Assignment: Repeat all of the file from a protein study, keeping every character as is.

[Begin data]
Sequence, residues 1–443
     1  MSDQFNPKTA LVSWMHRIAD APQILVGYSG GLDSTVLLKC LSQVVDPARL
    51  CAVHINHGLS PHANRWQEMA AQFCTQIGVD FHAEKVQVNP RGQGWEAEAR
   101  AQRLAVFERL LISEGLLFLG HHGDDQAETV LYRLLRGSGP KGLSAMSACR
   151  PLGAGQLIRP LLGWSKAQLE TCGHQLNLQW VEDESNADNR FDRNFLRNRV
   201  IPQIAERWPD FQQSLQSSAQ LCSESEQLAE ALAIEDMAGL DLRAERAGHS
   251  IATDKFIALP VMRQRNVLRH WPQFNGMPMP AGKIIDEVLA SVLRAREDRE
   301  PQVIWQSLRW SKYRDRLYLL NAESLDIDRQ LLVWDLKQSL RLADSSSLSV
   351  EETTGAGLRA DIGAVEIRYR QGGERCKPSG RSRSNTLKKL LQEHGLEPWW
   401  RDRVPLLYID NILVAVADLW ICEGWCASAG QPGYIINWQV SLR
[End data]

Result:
Sequence, residues 1–443
     1  MSDQFNPKTA LVSWMHRIAD APQILVGYSG GLDSTVLLKC LSQVVDPARL
    51  CAVHINHGLS PHANRWQEMA AQFCTQIGVD FHAEKVQVNP RGQGWEAEAR
   101  AQRLAVFERL LISEGLLFLG HHGDDQAETV LYRLLRGSGP KGLSAMSACR
   151  PLGAGQLIRP LLGWSKAQLE TCGHQLNLQW VEDESNADNR FDRNFLRNRV
   201  IPQIAERWPD FQQSLQSSAQ LCSESEQLAE ALAIEDMAGL DLRAERAGHS
   251  IATDKFIALP VMRQRNVLRH WPQFNGMPMP AGKIIDEVLA SVLRAREDRE
   301  PQVIWQSLRW SKYRDRLYLL NAESLDIDRQ LLVWDLKQSL RLADSSSLSV
   351  EETTGAGLRA DIGAVEIRYR QGGERCKPSG RSRSNTLKKL LQEHGLEPWW
   401  RDRVPLLYID NILVAVADLW ICEGWCASAG QPGYIINWQV SLR